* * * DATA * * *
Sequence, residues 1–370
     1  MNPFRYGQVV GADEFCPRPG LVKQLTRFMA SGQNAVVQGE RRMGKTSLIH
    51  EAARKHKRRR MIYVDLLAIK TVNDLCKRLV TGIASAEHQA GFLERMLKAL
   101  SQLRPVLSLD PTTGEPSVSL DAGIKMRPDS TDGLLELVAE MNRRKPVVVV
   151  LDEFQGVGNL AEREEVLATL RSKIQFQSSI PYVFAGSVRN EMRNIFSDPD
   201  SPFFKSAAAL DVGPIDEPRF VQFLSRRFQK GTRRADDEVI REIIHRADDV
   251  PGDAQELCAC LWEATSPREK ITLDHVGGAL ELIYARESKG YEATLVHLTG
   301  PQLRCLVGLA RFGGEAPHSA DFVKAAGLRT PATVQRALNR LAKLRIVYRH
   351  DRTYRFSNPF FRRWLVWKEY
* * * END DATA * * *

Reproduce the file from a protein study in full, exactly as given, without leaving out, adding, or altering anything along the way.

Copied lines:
Sequence, residues 1–370
     1  MNPFRYGQVV GADEFCPRPG LVKQLTRFMA SGQNAVVQGE RRMGKTSLIH
    51  EAARKHKRRR MIYVDLLAIK TVNDLCKRLV TGIASAEHQA GFLERMLKAL
   101  SQLRPVLSLD PTTGEPSVSL DAGIKMRPDS TDGLLELVAE MNRRKPVVVV
   151  LDEFQGVGNL AEREEVLATL RSKIQFQSSI PYVFAGSVRN EMRNIFSDPD
   201  SPFFKSAAAL DVGPIDEPRF VQFLSRRFQK GTRRADDEVI REIIHRADDV
   251  PGDAQELCAC LWEATSPREK ITLDHVGGAL ELIYARESKG YEATLVHLTG
   301  PQLRCLVGLA RFGGEAPHSA DFVKAAGLRT PATVQRALNR LAKLRIVYRH
   351  DRTYRFSNPF FRRWLVWKEY